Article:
2020 in Review:
Kinder Institute's Houston Community Data Connections Program
Happy New Year! We hope you enjoyed the holiday season, even in the face of the immense change and uncertainty that marked 2020 and continues to unfold. 2021 has already been remarkably eventful, and as we collectively enter a new chapter, our Kinder HCDC team has taken a moment to pause and reflect on our efforts over the past year and envision how we can continue to contribute to the wellbeing of the local community in the coming months. As we do so, here’s a quick summary of our work in 2020.
In early 2020, we launched a sleeker and more intuitive user interface for Kinder HCDC’s website. We also created an updated video tutorial that guides users through the tools and resources that are available on our site. Here are some quick statistics that demonstrate Kinder HCDC’s reach during 2020.
As we all began to grapple with our new reality last March, our Kinder HCDC team felt the urgency and got to work to provide meaningful insight about COVID-19 and our local context. On April 5, we published a blog post as part of the “COVID-19 and Cities” series, discussing the potential impact of our collective effort to stay at home on numbers of hospitalizations and deaths in Harris County. Later that month, we published a blog post on COVID-19 and estimated job loss in Harris County. As the virus continued to gravely affect our community through the fall, we created a dashboard about Paycheck Protection Program (PPP) Loans that shows the number of PPP loans and the amount approved by ZIP codes and industries for loans under $150,000 in Texas. In mid-November, we published a blog that explores the economic impact of the pandemic on the young workers in Greater Houston. Finally, we added a “COVID-Related” category of indicators to the Kinder HCDC dashboard. This designation can be used to help contextualize nonprofits’ response to the pandemic.
We continued to enrich our data dashboard with updated and new indicators. We added a wealth of information about housing in our region, including transaction, eviction and flooding risk data. Our team created a 2020 State of Housing Dashboard that displays key neighborhood-level housing indicators drawn from the inaugural State of Housing in Harris County and Houston report. We also included transportation-related data that provide information about bikeways and transit availability for each neighborhood area.
In addition, we added several new indicators related to various topics, such as food insecurity, civic engagement, arts and cultural assets, access to parks, etc. We also updated crime indicators like the number of crime cases, crimes against society, crimes against persons, and crimes against property based on the City of Houston Police Department’s new crime reporting system. You can find all of the above-mentioned additions in the Full Profile tab of the Community Profile feature.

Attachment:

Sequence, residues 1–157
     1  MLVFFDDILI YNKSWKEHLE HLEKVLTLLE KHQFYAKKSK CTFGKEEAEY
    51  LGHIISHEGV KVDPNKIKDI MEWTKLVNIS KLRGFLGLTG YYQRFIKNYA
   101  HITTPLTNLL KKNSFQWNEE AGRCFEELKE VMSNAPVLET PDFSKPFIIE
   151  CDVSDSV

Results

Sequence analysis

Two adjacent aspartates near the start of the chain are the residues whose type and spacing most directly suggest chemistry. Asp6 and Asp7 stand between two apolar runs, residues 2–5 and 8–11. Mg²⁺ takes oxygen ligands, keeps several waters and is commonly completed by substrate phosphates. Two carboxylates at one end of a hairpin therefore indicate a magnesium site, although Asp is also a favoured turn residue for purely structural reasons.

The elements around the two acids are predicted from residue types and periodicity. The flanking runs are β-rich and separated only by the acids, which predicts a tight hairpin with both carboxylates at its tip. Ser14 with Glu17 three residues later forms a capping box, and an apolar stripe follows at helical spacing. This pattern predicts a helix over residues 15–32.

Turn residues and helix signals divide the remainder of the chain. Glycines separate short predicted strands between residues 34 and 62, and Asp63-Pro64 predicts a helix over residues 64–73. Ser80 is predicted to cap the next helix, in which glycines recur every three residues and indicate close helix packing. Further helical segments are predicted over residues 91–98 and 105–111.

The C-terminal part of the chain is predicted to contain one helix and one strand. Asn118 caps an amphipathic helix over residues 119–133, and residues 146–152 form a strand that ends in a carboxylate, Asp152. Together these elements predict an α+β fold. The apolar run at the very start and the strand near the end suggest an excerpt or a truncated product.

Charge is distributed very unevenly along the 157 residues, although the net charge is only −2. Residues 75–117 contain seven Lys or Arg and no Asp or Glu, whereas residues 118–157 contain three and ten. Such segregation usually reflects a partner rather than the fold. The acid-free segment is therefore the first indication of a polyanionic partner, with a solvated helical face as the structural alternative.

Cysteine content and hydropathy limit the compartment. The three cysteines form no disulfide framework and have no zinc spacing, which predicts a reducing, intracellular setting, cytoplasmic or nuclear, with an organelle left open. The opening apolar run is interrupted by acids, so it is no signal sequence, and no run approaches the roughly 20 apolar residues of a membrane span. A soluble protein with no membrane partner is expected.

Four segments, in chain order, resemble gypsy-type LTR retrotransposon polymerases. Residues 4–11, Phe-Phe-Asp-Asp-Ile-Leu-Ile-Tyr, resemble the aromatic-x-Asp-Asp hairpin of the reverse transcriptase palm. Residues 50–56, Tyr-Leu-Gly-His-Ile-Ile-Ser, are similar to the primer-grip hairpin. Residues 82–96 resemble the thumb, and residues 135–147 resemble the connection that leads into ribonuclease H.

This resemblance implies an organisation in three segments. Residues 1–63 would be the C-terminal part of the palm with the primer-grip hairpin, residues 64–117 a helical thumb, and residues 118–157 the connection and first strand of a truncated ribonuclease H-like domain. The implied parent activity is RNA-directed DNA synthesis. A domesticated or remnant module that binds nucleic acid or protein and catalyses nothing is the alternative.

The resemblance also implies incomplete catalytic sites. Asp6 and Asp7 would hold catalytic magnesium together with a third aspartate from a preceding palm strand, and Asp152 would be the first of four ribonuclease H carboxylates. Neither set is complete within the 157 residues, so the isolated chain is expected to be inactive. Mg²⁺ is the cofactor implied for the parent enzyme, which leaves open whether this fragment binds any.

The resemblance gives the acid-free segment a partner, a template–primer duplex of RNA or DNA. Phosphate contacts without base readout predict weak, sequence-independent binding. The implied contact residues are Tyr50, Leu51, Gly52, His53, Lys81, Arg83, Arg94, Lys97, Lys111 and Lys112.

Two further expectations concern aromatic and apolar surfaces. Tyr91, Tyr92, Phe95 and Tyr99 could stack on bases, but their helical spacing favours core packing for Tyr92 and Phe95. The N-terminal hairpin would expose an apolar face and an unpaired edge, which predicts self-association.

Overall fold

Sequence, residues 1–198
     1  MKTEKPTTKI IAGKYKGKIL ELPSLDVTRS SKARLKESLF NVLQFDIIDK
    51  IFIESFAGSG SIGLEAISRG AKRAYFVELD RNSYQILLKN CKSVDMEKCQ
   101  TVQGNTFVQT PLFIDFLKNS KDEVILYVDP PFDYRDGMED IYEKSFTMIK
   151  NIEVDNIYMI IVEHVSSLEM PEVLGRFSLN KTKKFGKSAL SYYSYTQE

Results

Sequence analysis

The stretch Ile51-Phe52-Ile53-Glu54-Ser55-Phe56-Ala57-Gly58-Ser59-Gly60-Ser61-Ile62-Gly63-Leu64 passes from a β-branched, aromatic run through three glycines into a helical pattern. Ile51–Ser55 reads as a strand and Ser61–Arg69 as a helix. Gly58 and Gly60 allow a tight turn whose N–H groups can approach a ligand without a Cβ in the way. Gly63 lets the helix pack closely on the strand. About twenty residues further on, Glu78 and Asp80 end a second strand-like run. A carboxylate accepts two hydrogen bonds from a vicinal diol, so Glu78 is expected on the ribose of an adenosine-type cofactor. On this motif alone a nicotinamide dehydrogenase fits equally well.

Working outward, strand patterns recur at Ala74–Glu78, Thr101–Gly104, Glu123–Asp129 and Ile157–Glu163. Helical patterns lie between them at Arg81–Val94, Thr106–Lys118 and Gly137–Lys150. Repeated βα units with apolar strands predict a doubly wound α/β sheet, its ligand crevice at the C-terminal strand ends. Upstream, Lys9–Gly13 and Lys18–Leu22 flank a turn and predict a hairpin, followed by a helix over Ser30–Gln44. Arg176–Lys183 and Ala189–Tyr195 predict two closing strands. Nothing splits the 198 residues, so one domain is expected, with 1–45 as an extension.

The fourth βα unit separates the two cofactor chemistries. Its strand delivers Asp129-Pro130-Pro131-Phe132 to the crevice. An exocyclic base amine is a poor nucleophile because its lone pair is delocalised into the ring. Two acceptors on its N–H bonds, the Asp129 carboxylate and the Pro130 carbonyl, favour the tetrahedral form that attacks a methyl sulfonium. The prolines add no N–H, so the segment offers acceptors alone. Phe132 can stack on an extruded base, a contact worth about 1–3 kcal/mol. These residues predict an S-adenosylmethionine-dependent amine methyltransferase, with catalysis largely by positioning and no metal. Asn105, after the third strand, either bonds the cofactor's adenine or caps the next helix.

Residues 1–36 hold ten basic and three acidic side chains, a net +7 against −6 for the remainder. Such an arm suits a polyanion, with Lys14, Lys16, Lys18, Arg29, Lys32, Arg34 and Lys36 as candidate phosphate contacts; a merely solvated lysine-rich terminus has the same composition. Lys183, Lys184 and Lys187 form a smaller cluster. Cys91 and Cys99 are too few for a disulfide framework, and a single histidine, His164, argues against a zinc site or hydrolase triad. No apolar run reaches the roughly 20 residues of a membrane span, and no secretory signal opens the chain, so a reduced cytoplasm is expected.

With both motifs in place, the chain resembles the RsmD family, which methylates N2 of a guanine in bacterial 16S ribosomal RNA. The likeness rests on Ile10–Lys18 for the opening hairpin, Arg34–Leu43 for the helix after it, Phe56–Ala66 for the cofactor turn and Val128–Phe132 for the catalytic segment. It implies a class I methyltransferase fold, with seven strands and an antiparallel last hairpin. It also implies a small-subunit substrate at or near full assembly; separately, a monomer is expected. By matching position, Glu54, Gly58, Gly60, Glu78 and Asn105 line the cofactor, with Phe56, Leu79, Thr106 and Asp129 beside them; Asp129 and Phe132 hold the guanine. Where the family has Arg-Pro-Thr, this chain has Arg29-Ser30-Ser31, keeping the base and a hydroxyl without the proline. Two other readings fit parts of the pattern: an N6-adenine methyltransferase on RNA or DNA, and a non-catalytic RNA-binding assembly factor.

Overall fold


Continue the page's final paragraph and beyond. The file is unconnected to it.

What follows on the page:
Training & Collaborations
In 2020, our team proceeded with various training efforts to help build local organizations’ capacity to practically use data in order to advance their priorities. In early spring, just before widespread shutdowns went into effect, our team facilitated a data walk in Third Ward based on the data and the key findings from the Third Ward Comprehensive Needs Assessment. We engaged residents and stakeholders in dialogue around assets and challenges in their own community. The central themes of these discussions were recorded and shared with community development organizations in Third Ward.
In late summer, we crafted a learning module that offers fundamental concepts related to crafting and implementing effective survey instruments. By collaborating with the United Way of Greater Houston, we delivered the training to a group of nonprofits and social service providers. Additionally, we created a story map that explores homeownership in Houston and several factors that facilitate it or impede it among various subgroups, including mortgage interest rates, credit history, financial literacy and more.
In August and November, our team partnered with the Mayor’s Office of Education and the Mayor’s Health Equity Response Task Force and provided training for the Community Health Education Fellows (CHEF) Program, a new effort to help in the fight against COVID-19.
Finally, in December we wrapped up a joint project with Urban Harvest that aimed to develop a data-driven strategy for its newly launched Mobile Market. Funded by the Robert Wood Johnson Foundation, the joint team gathered and synthesized both quantitative and qualitative data, crafted a data tool to select partners and site locations, and developed a marketing strategy for the new program. This is a good example of how nonprofits can partner with local data intermediaries, use data to inform decision making for specific programs and ultimately improve outcomes.